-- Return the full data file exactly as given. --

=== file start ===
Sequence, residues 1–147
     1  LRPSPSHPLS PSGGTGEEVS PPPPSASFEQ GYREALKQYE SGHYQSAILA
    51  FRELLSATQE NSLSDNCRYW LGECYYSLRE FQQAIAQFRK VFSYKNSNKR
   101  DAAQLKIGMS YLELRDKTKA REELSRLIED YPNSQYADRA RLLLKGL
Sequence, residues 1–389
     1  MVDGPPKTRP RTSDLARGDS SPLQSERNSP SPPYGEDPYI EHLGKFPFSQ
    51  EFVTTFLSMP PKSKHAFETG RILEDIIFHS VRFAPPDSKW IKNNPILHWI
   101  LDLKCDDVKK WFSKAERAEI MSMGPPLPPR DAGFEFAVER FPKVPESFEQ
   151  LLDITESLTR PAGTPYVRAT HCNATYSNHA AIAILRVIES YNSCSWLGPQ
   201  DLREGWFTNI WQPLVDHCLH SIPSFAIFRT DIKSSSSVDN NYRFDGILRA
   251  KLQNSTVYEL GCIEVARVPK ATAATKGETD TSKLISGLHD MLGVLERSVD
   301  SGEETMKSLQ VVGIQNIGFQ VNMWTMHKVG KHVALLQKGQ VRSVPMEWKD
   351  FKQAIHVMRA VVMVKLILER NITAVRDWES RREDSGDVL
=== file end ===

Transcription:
Sequence, residues 1–147
     1  LRPSPSHPLS PSGGTGEEVS PPPPSASFEQ GYREALKQYE SGHYQSAILA
    51  FRELLSATQE NSLSDNCRYW LGECYYSLRE FQQAIAQFRK VFSYKNSNKR
   101  DAAQLKIGMS YLELRDKTKA REELSRLIED YPNSQYADRA RLLLKGL
Sequence, residues 1–389
     1  MVDGPPKTRP RTSDLARGDS SPLQSERNSP SPPYGEDPYI EHLGKFPFSQ
    51  EFVTTFLSMP PKSKHAFETG RILEDIIFHS VRFAPPDSKW IKNNPILHWI
   101  LDLKCDDVKK WFSKAERAEI MSMGPPLPPR DAGFEFAVER FPKVPESFEQ
   151  LLDITESLTR PAGTPYVRAT HCNATYSNHA AIAILRVIES YNSCSWLGPQ
   201  DLREGWFTNI WQPLVDHCLH SIPSFAIFRT DIKSSSSVDN NYRFDGILRA
   251  KLQNSTVYEL GCIEVARVPK ATAATKGETD TSKLISGLHD MLGVLERSVD
   301  SGEETMKSLQ VVGIQNIGFQ VNMWTMHKVG KHVALLQKGQ VRSVPMEWKD
   351  FKQAIHVMRA VVMVKLILER NITAVRDWES RREDSGDVL